The draw keeps U.S. head coach Bob Bradley undefeated at the international level, combining two draws on this trip with victories against Mexico and Denmark as the head coach of the senior team. Bradley and assistant Peter Nowak will next get back to work with the full team at the end of March, convening a training camp to prepare for the upcoming friendlies against Ecuador (tickets) on March 25 in Tampa, Fla., and Guatemala (tickets) on March 28 in Frisco, Texas.

-- U.S. Men’s National Team Game Report --

Match-up: U.S. Under-23 MNT vs. Rosso Kumamoto
Date: February 23, 2007
Competition: Friendly
Venue: KKWing Stadium – Kumamoto, Japan
Kickoff: 7 p.m. local time
Attendance: 2,010
Weather: 48 degrees

Scoring Summary:
                                     1      2     F

USA                               0     2     2
Rosso Kumamoto      0     2     2

USA – Adam Cristman (Sal Zizzo) 46th minute
USA – Adam Cristman (Sal Zizzo) 57.
RKO – Daishiro Miyazaki 82.
RKO – Yusuke Suzuki 83.

Lineups:
USA: 24-Justin Hughes; 14-Hunter Freeman, 4-Patrick Ianni (5-Nathan Sturgis, 61’), 3-Rob Valentino, 20-Michael Harrington; 6-Quavas Kirk (15-Sean Franklin, 68’) 17-Sacha Kljestan (capt.), 7-Peter Lowry (2-Ryan Solle, 73’), 9-Arturo Alvarez; 16-Adam Cristman (12-Tim Ward, 73’), 11-Sal Zizzo
Subs not used: 1-Chris Seitz
Head Coach: Bob Bradley

RKO: 21-Hiroki Kobayahsi (1-Youichi Futori, 87’), 4-Yusuke Suzuki, 16-Daisuke Yano (18-Naoya Ootaki, 46’), 22-Takumi Morikawa; 15-Atsushi Ichimura (14-Kenichi Kawano,46’), 26-Syohei Yamamoto, 28-Kosuke Yoshii, 5-Takeshi Yagamuchi (10-Kiyoshi Saitoh, 57’), 17-Masahiko Kumigai (27-Daishiro Miyazaki, 46’); 29-Yosuke Kobayashi (9-Yoshio Kitigawa, 46’), 30-Yuichi Yamauchi (24-Masahito Endoh, 70’)
Head Coach: Tomoyoshi Ikeya

Stats Summary: USA / RKO
Shots: 11 / 10
Saves: 3 / 8
Corner Kicks: 2 / 7
Fouls: 8 / 22
Offside: 1 / 3

Misconduct Summary:
RKO – Daisuke Yano (caution) 21st minute
USA – Sacha Kljestan (caution) 31.
USA – Arturo Alvarez (caution) 86.
USA – Rob Valentino (caution) 90.

Officials:
Referee: Mr. M. Watanabe (JPN)
1st Asst.: Mr. J. Kashihara (JPN)
2nd Asst.: Mr. K. Murakami (JPN)
Fourth Official: Mr. T. Aiba (JPN)

Sierra Mist Man of the Match: Adam Cristman

U.S. U-23s Draw, 0-0, with Japan U-22 MNT in Kirin Challenge Cup

KUMAMOTO, Japan (February 21, 2007) — The U.S. U-23 Men’s National Team stood behind the stellar play of Sierra Mist Man of the Match Chris Seitz to earn a deserved 0-0 draw against the Japan U-22 National Team in Kumamoto, Japan. The more than 14,000 fans gathered at the KKWing Stadium witnessed a much-improved performance from the U.S. in the second half that earned the team a share of the spoils in the Kirin Challenge Cup, the first match under new head coach Bob Bradley.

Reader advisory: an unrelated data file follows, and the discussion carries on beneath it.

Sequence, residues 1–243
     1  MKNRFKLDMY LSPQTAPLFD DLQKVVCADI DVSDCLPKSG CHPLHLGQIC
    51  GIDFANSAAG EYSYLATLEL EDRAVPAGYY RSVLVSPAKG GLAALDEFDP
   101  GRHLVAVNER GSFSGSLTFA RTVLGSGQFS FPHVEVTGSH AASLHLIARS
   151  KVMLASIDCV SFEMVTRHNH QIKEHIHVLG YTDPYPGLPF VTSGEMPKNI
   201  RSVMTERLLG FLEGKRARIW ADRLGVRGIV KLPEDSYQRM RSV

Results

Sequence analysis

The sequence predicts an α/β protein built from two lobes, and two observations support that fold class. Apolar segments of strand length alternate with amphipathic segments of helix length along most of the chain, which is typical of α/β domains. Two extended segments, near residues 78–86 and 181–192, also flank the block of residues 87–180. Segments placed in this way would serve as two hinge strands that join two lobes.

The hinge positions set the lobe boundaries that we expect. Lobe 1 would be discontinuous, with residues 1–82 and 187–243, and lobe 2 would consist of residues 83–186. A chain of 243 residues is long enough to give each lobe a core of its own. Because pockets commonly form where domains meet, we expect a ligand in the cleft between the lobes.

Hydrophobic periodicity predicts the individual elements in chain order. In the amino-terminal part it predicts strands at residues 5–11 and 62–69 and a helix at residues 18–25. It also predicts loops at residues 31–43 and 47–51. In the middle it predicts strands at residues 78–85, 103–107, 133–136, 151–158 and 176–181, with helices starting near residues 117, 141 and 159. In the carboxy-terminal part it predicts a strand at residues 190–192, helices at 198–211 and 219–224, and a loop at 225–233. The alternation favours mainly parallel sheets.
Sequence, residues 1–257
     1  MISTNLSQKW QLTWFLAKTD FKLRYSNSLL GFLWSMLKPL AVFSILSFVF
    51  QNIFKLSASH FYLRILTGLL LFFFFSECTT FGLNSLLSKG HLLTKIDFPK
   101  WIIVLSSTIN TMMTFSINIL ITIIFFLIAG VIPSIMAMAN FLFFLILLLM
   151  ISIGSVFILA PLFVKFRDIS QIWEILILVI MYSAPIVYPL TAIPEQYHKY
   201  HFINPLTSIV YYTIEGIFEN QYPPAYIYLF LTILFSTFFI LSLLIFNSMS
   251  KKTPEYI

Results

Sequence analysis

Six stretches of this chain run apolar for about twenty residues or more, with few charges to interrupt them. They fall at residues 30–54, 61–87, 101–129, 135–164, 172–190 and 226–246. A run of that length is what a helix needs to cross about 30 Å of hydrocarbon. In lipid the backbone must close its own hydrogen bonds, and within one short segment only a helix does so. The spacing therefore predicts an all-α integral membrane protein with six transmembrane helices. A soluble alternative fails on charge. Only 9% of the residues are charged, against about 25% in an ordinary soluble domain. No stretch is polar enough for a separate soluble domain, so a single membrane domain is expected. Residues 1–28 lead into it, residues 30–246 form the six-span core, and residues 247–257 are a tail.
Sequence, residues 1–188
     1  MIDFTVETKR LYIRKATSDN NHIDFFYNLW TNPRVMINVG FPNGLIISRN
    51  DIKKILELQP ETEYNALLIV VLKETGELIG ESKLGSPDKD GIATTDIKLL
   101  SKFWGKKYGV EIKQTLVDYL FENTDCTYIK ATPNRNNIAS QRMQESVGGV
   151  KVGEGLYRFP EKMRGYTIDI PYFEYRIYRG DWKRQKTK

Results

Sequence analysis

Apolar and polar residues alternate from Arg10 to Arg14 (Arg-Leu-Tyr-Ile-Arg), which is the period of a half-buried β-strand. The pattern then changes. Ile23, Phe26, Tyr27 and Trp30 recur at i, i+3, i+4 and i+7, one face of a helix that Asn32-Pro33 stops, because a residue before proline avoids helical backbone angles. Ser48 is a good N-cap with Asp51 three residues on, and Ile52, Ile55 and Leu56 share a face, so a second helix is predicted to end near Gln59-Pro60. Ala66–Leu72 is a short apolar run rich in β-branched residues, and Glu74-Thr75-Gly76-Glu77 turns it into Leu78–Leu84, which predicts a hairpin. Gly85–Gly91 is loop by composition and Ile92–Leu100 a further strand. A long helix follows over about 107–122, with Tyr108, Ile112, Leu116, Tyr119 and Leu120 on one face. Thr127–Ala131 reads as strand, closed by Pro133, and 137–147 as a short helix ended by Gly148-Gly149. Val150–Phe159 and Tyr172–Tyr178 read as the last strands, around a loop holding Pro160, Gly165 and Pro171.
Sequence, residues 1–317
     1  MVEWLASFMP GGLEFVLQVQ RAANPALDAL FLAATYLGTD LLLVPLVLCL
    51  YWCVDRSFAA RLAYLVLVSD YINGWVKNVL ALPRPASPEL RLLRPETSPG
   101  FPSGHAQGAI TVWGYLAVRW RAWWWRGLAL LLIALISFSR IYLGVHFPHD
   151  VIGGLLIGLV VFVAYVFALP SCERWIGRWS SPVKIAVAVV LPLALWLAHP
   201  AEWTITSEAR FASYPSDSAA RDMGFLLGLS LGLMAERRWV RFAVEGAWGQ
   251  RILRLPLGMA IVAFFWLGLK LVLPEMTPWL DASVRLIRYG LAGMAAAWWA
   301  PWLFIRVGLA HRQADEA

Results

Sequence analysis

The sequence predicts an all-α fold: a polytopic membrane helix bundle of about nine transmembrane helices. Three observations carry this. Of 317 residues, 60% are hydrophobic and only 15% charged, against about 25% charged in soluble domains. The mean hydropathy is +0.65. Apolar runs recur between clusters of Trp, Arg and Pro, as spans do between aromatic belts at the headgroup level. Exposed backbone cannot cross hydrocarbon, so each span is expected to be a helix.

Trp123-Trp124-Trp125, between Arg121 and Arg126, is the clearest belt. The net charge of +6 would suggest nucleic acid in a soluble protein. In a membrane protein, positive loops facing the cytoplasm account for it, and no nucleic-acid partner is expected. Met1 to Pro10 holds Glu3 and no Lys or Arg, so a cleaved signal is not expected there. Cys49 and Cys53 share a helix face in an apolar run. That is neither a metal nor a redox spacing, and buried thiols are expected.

Seitz made several key saves throughout the contest on a crisp evening in Kumamoto, twice getting help from the woodwork as well. Three other players from the squad that qualified for the 2007 FIFA Under-20 World Cup turned in quality performances, with defenders Nathan Sturgis and Tim Ward anchoring the defense while Sal Zizzo helped ignite the U.S. attack in the second half.

“I thought it was a good game,” said Bradley, who remains undefeated as a head coach for both the U-23’s and the full national team. “This is a new group, and in the first half I thought there were many players who were nervous. It took them a half to adjust, and I thought the second half was a very good step. The commitment was much better, and you could see the confidence growing as the game went on. It was a great atmosphere tonight and a good learning experience for our players.”

The newly formed U.S. team started out on unsure footing against a well-established Japanese side, searching to settle their nerves in the early going. They got a quick wake-up call early on when a counterattack led to a breakaway in the ninth minute, striker Sota Hirayama finding himself on the receiving end of a well weighted cross from Yohei Kajiyama. Seitz was quick to charge off his line, getting just enough of Sota’s strike to push the ball wide of the left post. Japan’s tall and mobile striker proved to be a handful throughout the evening, but the combination of Sturgis and Rob Valentino were equal to the task. Meantime, Kajiyama created another problem five minutes later, unleashing a 28-yard rocket that forced Seitz into a sprawling save.